YEARENDER: Port congestion may end early next year

YEARENDER: Port congestion may end early next year

Let us hope for the best! Normally it would only take around 2 – 3 weeks for a client’s cargo to reach them but because of this port congestion, a lot has changed.


YEARENDER: Port congestion may end early next year

By Evelyn Macairan (The Philippine Star) | Updated December 29, 2014 – 12:00am

MANILA, Philippines – After nine months of traffic woes, economic slowdown and unending bickering between the national government and business groups versus the local government of Manila, the port congestion problem may soon be resolved.


Philippine Ports Authority (PPA) general manager Juan Sta. Ana told The STAR he sees the port congestion problem to end by early next year.


The problem that has caused mayhem on the streets, disrupted business operations and resulted in economic setbacks like increases in the market prices of basic commodities, would be resolved “around February 2015,” he added.


Sta. Ana had constantly appealed that in order to sustain their declogging efforts, the importers and cargo owners should continuously withdraw their cargoes.


Sta. Ana had earlier commented that to his knowledge, the almost seven-month daytime truck ban that started on Feb. 24 and lasted until Sept. 13 was the first time they experienced port congestion “of this magnitude.”


In the past, the PPA had dealt with the congestion but the crisis usually surfaces around the Christmas season, when the volume of importation increases by at least 10 percent daily from the usual 5,000 twenty equivalent units (TEU) intake to around 5,500 TEUs.


This year the problem was more complex and urgent, prompting Malacañang to form a Cabinet Cluster on Port Congestion (CCPC) headed by Secretary to the Cabinet Jose Rene Almendras.


Concerned government agencies have been called in as members of the CCPC.


This includes the PPA, Department of Public Works and Highways (DPWH), Bureau of Customs, Department of Trade and Industry (DTI), Department of Finance, Department of Agriculture, National Economic and Development Authority, the Metropolitan Manila Development Authority (MMDA), National Capital Region Police Office (NCRPO), Land Transportation Franchising and Regulatory Board (LTFRB), Department of Transportation and Communications (DOTC) and private sector representatives like the Association of International Shipping Lines (AISL), Confederation of Truckers Association of the Philippines (CTAP), Integrated North Harbor Truckers Association (INHTA), and Alliance of Concerned Truck Owners and Organizations (ACTOO).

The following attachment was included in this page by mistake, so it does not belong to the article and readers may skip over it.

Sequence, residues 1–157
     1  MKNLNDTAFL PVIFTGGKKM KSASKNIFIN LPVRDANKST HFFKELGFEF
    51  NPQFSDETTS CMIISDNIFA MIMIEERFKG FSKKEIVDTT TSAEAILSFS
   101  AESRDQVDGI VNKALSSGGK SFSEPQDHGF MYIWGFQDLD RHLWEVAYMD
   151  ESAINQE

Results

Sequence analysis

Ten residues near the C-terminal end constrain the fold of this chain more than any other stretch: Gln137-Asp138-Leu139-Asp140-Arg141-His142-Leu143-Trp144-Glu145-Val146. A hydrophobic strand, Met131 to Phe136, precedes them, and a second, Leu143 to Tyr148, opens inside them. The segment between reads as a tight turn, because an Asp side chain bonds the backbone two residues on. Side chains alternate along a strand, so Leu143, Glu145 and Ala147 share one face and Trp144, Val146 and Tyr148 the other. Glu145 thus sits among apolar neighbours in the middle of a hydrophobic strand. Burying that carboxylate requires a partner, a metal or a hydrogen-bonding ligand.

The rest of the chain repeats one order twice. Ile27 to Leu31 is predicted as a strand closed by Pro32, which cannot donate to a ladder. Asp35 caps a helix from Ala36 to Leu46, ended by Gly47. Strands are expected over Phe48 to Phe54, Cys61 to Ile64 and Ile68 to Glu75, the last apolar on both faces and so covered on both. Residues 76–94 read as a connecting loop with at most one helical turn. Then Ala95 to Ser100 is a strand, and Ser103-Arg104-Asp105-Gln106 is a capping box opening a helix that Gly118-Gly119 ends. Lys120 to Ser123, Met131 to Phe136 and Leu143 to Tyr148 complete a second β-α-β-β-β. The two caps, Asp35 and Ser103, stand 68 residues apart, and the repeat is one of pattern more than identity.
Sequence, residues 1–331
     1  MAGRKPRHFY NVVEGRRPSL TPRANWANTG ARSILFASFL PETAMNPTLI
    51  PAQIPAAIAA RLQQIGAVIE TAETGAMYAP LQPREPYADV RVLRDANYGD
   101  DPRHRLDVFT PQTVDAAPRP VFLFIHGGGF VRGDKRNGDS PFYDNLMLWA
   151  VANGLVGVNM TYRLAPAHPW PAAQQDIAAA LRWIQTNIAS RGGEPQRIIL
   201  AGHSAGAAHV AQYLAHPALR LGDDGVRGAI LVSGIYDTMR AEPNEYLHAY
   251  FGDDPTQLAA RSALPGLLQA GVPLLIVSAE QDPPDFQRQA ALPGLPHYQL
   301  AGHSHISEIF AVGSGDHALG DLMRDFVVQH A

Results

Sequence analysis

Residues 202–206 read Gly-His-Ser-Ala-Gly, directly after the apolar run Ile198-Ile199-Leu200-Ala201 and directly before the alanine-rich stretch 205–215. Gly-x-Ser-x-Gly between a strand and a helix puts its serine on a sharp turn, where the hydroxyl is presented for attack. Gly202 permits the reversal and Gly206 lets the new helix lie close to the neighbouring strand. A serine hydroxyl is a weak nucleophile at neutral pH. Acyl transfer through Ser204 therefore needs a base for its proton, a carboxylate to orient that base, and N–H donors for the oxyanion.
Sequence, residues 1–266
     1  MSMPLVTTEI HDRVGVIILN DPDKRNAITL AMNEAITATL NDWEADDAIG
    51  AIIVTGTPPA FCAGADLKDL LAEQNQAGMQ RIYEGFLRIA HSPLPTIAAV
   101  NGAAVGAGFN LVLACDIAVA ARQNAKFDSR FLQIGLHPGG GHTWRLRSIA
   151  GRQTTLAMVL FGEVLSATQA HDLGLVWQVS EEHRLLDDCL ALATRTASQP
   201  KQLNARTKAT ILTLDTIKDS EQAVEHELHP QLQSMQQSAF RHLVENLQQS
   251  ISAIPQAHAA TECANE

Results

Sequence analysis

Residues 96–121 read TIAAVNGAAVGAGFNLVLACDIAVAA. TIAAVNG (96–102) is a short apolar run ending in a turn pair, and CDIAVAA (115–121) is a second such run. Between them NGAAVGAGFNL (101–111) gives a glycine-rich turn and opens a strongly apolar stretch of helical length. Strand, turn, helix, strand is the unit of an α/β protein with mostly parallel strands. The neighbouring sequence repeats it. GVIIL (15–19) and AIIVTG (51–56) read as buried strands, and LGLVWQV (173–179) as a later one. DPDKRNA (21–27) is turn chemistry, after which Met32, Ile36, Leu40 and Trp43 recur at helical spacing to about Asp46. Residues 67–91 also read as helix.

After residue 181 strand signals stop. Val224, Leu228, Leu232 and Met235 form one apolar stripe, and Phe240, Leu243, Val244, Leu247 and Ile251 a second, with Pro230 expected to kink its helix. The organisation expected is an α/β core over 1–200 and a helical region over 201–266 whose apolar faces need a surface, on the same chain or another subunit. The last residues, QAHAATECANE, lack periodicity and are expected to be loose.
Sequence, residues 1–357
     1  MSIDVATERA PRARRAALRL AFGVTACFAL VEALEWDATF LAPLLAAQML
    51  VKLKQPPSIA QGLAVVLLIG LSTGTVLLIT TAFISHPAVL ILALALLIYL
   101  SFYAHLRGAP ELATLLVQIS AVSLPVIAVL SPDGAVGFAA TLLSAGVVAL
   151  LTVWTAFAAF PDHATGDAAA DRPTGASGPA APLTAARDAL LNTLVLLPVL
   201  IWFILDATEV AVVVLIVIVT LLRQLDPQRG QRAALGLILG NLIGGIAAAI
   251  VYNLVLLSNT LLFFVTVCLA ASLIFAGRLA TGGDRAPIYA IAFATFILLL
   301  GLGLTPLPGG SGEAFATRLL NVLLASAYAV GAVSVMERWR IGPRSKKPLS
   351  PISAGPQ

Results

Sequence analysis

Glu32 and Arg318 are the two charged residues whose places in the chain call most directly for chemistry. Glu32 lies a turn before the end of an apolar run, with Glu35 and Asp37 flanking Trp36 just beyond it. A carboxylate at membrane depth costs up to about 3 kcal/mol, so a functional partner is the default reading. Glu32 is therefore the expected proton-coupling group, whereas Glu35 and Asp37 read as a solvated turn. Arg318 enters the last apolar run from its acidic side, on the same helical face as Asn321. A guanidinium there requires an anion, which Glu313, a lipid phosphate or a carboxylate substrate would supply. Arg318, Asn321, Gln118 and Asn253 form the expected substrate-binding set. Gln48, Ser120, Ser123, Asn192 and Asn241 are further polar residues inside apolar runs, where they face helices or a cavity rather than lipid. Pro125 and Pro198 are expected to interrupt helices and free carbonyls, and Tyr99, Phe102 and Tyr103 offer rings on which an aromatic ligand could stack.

On Feb. 24, Manila Mayor Joseph Estrada implemented City Ordinance no. 7570 amending the traffic management code and banned trucks from the streets of Manila from 5 a.m. to 9 p.m. Monday to Friday.


Trucks covered by the ban were cargo trucks, gravel and sand trucks, cement mixers, 8-wheelers and any truck with a gross vehicle weight of at least 4,500 kilograms. Violators face a P5,000 fine and impounding of their trucks.


Prior to the implementation of the daytime truck ban, trucks were only barred by the Metropolitan Manila Development Authority (MMDA) from the streets of Metro Manila from 6 a.m. to 10 a.m. and from 5 p.m. to 9 p.m.


Trucks can go out of their garage during the window period from 10 a.m. to 3 p.m. However, trucks carrying perishables are exempted from the ban.


Slowly, the two major ports in Manila, the Port of Manila (POM) and the Manila International Container Port (MICP), became congested.


From the average yard utilization of 47 percent at any given time or about 38,000 TEUs inside the terminals, this hit 104 percent or about 99,000 TEUs during the peak of the ban.


Movement inside the ports became difficult and the release of shipments was reduced from an average of 5,000 to 6,000 TEUs to only 3,500 to 3,900 TEUs daily.


Port productivity or the number of container movement inside the ports was likewise reduced from 25 moves an hour for the MICT port operator International Container Terminal Services Inc. (ICTSI) to only 15 moves an hour during the height of the ban. POM of Asian Terminal Inc. (ATI) was also reduced to 10 moves from 20 moves an hour.


Alberto Suansing, CTAP director, said the truck ban has caused additional expenses for the business sector and the added cost would be passed on to clients.



Original article can be found here ->

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